By Doug Bailey
and Les Francis
Special to Calbuzz
Reading the tea leaves of any election is tricky, especially this year. Voters didn’t seem to embrace much enthusiastically, while they dismissed quite a lot (like government by and for the one percent, preposterously intrusive policies toward women and anti-gay bigotry).
Roughly 120 million Americans went to the polls and re-elected a moderately left-of-center president and a decidedly right-of-center House of Representatives (even though Democrats won more popular votes nationally). The fact that Democrats actually added to their Senate majority may not say much more than that the voters rejected the tone set by Republican leader Mitch McConnell — when he said that defeating Obama was his top priority — and the resulting obstructionism employed by McConnell and his Senate allies.
Now McConnell says of the election that “the American people did two things: They gave President Obama a second chance to fix the problems that even he admits he failed to solve during his first four years in office, and they preserved Republican control of the House of Representatives.” He went on to proclaim that “they have simply given [the president] more time to finish the job they asked him to do together with a Congress that restored balance to Washington after two years of one-party control.”
How’s that for a warm embrace of political civility and bi-partisan cooperation?
The president’s election-night hope that all of us, including Congress, would stop thinking of red states and blue states and think only of the United States was welcome oratory. But oratory alone won’t be enough to get Congress to work with him for genuine progress on critical issues facing the country.
We have espoused the principle of bipartisan cooperation for some time, but we also know that it would be naïve to suggest that civility and bonhomie will be enough to break Washington’s current gridlock. All the “warm and fuzzies” in the world are no substitute for political craftsmanship, wiliness, occasional hardball toughness and perseverance.
For President Obama, that is going to mean—among other things—sometimes going around the leaders of both parties in Congress, and making appeals and cutting deals with individuals and small groups of Senators and Representatives. It will mean, on an issue-by-issue basis, a lot of transactional politics — really ugly sausage making. It will mean working to strengthen Speaker John Boehner’s hand at the expense of Eric Cantor’s. On occasion, it will mean stiff-arming Harry Reid and Nancy Pelosi, and not apologizing for it. It will mean a series of floating legislative coalitions, and a devotion to the adage “No permanent friends, no permanent enemies, only permanent interests.”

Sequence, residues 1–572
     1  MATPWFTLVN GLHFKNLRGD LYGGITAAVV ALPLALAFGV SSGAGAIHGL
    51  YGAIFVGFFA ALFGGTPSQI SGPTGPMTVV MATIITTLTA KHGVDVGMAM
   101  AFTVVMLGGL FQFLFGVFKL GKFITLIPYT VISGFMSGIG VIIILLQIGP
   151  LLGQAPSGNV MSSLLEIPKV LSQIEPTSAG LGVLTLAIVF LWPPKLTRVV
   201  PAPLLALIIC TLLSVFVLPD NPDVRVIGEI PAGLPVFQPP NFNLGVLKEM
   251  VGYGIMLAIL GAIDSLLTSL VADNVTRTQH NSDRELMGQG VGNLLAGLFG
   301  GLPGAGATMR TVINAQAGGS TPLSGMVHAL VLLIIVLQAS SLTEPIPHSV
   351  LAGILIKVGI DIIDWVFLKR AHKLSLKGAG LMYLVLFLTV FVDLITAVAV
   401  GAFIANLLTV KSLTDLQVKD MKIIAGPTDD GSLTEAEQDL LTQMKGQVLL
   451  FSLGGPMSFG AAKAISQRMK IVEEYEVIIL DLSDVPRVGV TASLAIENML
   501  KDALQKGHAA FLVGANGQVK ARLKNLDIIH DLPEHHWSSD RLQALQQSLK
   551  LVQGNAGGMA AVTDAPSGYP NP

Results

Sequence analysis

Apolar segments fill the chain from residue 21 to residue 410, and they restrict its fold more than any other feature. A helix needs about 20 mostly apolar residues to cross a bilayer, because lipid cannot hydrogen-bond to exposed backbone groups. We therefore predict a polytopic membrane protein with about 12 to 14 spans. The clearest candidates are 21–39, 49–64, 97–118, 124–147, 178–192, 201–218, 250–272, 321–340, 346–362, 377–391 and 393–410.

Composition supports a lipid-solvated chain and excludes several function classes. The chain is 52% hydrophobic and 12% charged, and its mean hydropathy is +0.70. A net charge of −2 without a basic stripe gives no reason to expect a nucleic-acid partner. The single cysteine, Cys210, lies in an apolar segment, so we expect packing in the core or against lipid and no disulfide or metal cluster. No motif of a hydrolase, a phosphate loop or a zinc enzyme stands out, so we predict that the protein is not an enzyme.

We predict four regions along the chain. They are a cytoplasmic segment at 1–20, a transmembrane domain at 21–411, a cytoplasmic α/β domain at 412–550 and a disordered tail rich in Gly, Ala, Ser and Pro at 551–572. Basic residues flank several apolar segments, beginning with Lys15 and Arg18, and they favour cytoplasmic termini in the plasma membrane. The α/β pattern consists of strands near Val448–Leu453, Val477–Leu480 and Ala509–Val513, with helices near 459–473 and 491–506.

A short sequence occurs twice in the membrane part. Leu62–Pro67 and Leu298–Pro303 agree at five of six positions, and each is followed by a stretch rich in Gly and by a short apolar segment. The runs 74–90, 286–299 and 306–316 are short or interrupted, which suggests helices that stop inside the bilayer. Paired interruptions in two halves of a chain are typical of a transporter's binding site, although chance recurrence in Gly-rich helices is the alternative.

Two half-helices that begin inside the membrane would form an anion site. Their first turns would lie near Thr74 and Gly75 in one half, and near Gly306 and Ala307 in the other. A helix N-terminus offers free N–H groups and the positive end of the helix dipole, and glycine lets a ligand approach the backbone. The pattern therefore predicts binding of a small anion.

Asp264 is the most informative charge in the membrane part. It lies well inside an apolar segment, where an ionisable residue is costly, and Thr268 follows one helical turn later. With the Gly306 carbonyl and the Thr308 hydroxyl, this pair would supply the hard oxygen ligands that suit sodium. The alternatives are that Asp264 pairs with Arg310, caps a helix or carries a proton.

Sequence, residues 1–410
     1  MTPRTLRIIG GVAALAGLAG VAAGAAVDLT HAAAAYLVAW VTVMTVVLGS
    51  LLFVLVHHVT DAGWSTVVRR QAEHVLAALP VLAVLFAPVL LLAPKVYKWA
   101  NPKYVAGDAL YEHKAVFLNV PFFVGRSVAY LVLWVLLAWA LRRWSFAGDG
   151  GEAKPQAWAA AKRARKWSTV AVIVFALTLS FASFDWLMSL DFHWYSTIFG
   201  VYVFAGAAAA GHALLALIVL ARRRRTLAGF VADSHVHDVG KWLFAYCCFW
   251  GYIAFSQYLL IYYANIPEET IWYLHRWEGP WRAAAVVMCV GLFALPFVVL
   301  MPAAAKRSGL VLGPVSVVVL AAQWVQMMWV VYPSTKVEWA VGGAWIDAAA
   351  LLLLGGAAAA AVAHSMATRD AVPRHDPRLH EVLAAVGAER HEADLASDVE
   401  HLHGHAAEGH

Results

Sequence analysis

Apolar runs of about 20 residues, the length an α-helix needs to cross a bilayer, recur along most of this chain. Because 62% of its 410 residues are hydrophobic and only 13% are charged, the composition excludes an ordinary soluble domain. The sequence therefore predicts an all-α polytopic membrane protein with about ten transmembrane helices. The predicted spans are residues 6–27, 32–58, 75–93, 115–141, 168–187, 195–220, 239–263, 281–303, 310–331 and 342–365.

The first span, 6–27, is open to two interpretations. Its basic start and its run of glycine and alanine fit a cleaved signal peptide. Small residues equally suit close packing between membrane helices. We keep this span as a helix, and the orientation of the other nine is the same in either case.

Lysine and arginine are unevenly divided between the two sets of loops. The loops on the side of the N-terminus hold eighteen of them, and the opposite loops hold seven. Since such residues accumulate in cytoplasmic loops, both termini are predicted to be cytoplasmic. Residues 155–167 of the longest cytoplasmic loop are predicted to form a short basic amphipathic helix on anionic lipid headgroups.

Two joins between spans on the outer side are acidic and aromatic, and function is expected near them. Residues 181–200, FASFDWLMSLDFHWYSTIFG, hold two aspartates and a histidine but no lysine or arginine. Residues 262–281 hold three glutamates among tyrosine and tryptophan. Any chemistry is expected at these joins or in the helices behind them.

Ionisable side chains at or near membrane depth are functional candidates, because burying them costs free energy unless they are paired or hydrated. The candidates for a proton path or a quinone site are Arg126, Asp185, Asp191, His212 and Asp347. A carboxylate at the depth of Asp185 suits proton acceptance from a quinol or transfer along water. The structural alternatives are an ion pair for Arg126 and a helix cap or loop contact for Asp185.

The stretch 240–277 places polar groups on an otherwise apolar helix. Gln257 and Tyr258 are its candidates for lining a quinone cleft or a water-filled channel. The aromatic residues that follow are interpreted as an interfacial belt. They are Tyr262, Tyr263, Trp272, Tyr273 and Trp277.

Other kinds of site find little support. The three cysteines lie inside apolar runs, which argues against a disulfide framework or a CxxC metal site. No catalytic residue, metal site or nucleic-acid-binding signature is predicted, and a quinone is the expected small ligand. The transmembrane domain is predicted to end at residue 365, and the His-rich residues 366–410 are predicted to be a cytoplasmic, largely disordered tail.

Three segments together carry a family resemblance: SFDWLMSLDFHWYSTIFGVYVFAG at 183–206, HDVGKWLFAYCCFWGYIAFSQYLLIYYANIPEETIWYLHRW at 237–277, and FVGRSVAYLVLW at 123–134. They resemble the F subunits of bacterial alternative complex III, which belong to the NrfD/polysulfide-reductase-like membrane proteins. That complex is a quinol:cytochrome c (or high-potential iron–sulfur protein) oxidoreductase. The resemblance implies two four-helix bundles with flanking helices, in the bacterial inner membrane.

And on some of the most important issues, it will require using the bully pulpit to go over the heads of Congress directly to the people – trusting them with the full and hard truth – and calling on their help to get the message to Capitol Hill.
In short, for Barack Obama it will require a blend of confidence and humility, meeting privately and talking publicly, the skills of a negotiator and the laser-like focus of an accomplished executive.
It will take a little of LBJ’s bullying and Ronald Reagan’s charm; a dash of Harry Truman’s candor and Gerald Ford’s decency; a pinch of Ike’s commanding presence and Bill Clinton’s pragmatism; a measure of Jimmy Carter’s determination and John Kennedy’s inspiration. And in Congress we’ll need a blend of Howard Baker’s soft-spoken receptivity and Teddy Kennedy’s closed-door negotiating skills.
That seems like a lot, but it’s called leadership. We’ll know it — and follow it — when we see it.
Doug Bailey is a long-time Republican campaign strategist/manager, who later founded the political Hotline newsletter. Most recently, Bailey was a driving force behind Americans Elect, which had hoped to field a bipartisan national ticket in the 2012 election. Les Francis is a former Democratic operative (Executive Director of both the DNC and DCCC), as well as Congressional aide (to former Rep. Norman Y. Mineta of San Jose) and deputy White House Chief of Staff during the Carter Administration.